Before people start flaming me or telling me to read the sticky, let me make it clear that I'm not asking "What's the piano room for?" - I know that everyone so far agrees it's just a toy, although I'm tempted to believe otherwise, partially because of the two details I'm about to ask about.
But I'm wondering whether there's an inside joke or something that I'm missing in the piano room (and if so, could that not be its sole purpose?). First of all, what's up with the H on the piano instead of a B? It's not even where an H would theoretically be - there should be an I there, if anything.
Second thing - in both of the octaves that aren't available to play, it's the same two keys that are fully depressed and the same key missing - E&B, and G#. Inside joke, related to Castlevania or to anything else?
Anybody have any thoughts? As I said, I know the consensus is that the piano room is a red herring, but I've never seen any discussion about these particular aspects of it.
This is one that classical music buffs caught right away. The names of notes vary from language to language; for instance, French just uses "do", "re", and so on instead of letters. In particular, a lot of the classical composers were German, and in that language they use "B" for what we call B flat and "H" for what we call B. This is how Bach was able to spell his own name in his final composition, which he was still working on when he died. (Look up "BACH motif" on Wikipedia for the details.)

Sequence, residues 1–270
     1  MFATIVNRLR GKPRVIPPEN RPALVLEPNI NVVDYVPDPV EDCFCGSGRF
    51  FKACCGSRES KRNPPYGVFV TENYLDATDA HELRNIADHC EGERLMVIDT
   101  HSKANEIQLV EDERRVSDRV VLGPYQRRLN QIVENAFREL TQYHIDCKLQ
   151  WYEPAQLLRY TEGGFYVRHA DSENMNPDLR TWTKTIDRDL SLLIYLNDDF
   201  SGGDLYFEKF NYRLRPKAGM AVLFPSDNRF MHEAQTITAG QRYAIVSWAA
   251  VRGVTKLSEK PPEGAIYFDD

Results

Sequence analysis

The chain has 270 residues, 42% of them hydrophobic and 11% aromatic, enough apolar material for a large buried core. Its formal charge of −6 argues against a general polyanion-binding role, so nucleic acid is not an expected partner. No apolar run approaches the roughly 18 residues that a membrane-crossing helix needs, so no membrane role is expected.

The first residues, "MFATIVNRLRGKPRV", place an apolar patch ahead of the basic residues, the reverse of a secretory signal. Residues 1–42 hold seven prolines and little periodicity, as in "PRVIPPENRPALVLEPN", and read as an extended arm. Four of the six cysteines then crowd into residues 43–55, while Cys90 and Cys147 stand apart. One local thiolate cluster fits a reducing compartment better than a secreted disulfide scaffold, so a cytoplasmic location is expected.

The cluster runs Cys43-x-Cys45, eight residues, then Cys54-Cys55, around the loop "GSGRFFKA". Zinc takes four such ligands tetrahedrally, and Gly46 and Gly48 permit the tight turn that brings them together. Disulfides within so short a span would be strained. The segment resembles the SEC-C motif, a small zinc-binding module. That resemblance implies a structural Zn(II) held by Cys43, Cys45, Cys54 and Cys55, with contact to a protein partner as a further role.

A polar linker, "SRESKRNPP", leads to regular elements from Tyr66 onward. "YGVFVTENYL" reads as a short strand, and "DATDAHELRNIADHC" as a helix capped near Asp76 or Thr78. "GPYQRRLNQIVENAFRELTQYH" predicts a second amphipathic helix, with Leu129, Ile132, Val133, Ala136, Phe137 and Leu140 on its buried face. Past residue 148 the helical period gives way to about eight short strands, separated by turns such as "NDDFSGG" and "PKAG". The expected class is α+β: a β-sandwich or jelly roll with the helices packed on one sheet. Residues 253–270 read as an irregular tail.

Short version: apparently it's a German keyboard. Probably Celia's doing. She conjured up the castle, and "Fortner" is a German name.
FiveMinute.net: because stuff is long and life is short
Very informative! Now I have to dig out the CDs from my music courses a few years back... I know there are a couple of pieces on them by Bach!
And I guess that changes our second missing key to H, beyond a doubt. I'm still curious about the fact that it's the same three keys on either side, but having been given a solution to one mystery, I think I'm willing to accept that the arrangement of the missing keys is coincidental.